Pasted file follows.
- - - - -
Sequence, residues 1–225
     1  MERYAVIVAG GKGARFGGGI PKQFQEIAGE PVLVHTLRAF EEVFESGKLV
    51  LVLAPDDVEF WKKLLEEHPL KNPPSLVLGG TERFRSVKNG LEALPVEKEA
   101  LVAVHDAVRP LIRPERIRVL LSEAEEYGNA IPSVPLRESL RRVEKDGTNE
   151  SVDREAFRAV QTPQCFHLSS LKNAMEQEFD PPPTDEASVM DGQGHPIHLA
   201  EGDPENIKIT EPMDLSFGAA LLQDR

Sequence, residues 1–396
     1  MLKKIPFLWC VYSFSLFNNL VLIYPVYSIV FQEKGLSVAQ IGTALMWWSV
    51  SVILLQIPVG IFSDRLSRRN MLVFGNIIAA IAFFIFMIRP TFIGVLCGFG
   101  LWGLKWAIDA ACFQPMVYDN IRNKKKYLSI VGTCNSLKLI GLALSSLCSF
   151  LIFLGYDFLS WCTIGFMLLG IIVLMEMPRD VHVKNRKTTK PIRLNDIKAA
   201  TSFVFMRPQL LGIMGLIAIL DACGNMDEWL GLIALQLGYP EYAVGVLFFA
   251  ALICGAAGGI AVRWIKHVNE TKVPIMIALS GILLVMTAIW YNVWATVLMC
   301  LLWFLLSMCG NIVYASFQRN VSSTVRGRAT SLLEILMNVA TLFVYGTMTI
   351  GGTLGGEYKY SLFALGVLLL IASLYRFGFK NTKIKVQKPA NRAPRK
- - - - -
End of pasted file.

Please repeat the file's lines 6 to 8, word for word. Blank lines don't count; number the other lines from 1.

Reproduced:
   201  EGDPENIKIT EPMDLSFGAA LLQDR

Sequence, residues 1–396
     1  MLKKIPFLWC VYSFSLFNNL VLIYPVYSIV FQEKGLSVAQ IGTALMWWSV